Romney: What he must to do to close the gap
The debates may be Mitt Romney's “last, best shot” at turning around his own campaign.
Mitt Romney is running for president as the “ultimate turnaround expert”—a guy who “can walk in, figure out what’s wrong, and fix it,” said John Dickerson in Slate.com. The Republican may still get a chance to fix the struggling U.S. economy—“but first he must show he can do it with his campaign.” As the race for the White House enters its final month, Romney’s campaign is bleeding, hurt by a lack of a clear, compelling message, and by a string of self-inflicted wounds, including the videotape showing him writing off “47 percent” of Americans. He’s trailing President Obama by nearly 4 points in an average of national polls, and by alarmingly wide margins in battleground states such as Ohio, Virginia, Wisconsin, and even must-win Florida. For Mitt, the real danger now is the gathering narrative that he’s already lost the race, said Ezra Klein in WashingtonPost.com. The “nightmare scenario” is that the Republican National Committee and pro-GOP Super PACs decide to give up on him, and focus their money and resources on House and Senate races so as to blunt the impact of a second Obama term. “If things don’t start looking better for Mitt Romney soon,” in other words, “they’re going to get a lot worse for him, and very quickly.”
Romney’s “last, best shot” at saving his campaign is next week’s debate and the two that follow, said Jules Witcover in The Baltimore Sun. Those are his big chances to stop playing defense, go on offense, and convince undecided voters he really is a better bet than Obama for getting the economy going again. If his performance on 60 Minutes this week is any indication, said Jonathan Capehart in WashingtonPost.com, Romney just might pull that off. The usually stiff and cautious Romney “was a vision of unblinking confidence,” and his responses to tough questions sounded both sincere and reasonable. If this is the candidate who shows up to debate Obama on Wednesday, “we could be just a week away from stories declaring a reset for Romney.”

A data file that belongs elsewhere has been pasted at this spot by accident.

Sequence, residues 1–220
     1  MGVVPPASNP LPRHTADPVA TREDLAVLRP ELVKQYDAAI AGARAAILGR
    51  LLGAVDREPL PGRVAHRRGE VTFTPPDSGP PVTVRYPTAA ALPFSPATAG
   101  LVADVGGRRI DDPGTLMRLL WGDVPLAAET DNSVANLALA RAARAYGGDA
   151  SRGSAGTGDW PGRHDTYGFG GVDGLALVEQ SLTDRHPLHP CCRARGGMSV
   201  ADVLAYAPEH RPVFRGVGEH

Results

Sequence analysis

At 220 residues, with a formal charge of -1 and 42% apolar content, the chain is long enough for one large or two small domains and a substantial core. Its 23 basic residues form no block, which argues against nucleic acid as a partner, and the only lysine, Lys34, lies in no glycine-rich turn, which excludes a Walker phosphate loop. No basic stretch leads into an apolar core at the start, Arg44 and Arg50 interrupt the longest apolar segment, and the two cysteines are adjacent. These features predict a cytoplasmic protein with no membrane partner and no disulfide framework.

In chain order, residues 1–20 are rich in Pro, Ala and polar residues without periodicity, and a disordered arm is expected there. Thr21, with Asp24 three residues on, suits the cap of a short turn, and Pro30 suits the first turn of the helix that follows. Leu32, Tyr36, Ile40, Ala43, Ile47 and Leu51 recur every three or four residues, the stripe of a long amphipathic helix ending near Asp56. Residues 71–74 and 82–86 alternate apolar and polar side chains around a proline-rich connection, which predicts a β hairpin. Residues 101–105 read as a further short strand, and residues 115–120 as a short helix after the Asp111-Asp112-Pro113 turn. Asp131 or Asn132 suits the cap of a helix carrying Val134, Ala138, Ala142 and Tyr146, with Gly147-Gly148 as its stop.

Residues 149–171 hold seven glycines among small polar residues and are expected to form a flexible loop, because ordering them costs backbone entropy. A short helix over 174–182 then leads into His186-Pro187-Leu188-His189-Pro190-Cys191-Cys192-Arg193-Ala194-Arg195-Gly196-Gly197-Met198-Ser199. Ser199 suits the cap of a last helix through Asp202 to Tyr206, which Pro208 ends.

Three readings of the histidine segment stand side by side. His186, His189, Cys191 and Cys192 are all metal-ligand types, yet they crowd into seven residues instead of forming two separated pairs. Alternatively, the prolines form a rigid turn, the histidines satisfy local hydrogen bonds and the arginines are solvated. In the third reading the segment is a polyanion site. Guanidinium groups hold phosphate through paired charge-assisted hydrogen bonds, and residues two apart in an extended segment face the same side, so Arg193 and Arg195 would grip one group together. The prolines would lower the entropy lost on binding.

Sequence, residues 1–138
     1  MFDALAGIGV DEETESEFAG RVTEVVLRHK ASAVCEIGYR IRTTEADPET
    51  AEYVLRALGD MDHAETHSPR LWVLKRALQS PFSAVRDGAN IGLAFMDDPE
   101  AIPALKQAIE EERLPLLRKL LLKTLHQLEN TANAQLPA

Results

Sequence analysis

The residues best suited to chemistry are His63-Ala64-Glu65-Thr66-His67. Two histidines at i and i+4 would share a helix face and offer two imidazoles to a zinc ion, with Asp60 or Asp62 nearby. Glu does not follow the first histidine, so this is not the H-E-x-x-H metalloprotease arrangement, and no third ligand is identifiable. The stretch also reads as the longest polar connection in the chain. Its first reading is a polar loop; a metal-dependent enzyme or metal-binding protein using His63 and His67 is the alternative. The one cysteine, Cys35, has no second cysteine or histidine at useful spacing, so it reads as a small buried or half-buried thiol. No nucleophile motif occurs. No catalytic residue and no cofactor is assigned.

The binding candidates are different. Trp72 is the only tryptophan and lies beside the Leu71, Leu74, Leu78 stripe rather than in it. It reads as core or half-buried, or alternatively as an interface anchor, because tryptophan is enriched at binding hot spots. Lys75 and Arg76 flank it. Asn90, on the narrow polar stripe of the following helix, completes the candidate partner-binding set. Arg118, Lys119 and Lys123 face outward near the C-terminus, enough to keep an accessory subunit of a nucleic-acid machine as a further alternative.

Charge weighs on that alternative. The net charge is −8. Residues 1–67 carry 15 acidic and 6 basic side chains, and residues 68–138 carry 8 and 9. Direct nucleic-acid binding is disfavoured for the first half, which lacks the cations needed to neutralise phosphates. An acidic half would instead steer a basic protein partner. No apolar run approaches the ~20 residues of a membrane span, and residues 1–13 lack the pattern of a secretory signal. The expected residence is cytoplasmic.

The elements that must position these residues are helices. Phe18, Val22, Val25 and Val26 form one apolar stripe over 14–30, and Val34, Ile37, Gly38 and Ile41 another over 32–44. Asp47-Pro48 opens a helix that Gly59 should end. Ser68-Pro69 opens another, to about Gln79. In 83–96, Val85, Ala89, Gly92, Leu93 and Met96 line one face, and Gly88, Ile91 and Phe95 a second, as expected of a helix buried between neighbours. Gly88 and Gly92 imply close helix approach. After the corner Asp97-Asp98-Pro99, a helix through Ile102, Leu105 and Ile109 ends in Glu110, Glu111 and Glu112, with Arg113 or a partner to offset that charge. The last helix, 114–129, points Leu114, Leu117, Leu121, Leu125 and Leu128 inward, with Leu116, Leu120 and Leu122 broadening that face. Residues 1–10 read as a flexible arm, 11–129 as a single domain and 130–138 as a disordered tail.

He’ll need more than a confident manner, said the Financial Times in an editorial. Romney has to make voters believe he really is Mr. Fix-It, and tell “a credible story about how he would lead the U.S. into a strong recovery.” Up to now, Romney has been maddeningly vague about his economic and tax proposals. His only hope is to “work out what he wants to say on the economy and then keep saying it.” It’s still a “winnable race” for Romney, said Ramesh Ponnuru in NationalReview.com. But what’s really hurting him is the perception that he’s an out-of-touch plutocrat whose policies would help the rich but do nothing for the struggling middle class. In the debates and on the campaign trail, Romney needs to “emphasize again and again how his agenda would help the vast majority of Americans.”
Mark my words—this race will tighten up very soon, said Robert Wright in TheAtlantic.com. In the debates, Romney “has a good chance of outshining Obama,” who is not “a deft off-the-cuff speaker,” and has proved in the past to be a wordy, mediocre debater. And believe it or not, the media will soon help Romney get back in the race. “If there’s one thing the media won’t tolerate for long, it’s an unchanging media narrative.” Today’s story—that Romney is in big trouble—will yield to a fresh story: Romney’s coming back! Stay tuned, America: We’ve got ourselves a close election after all!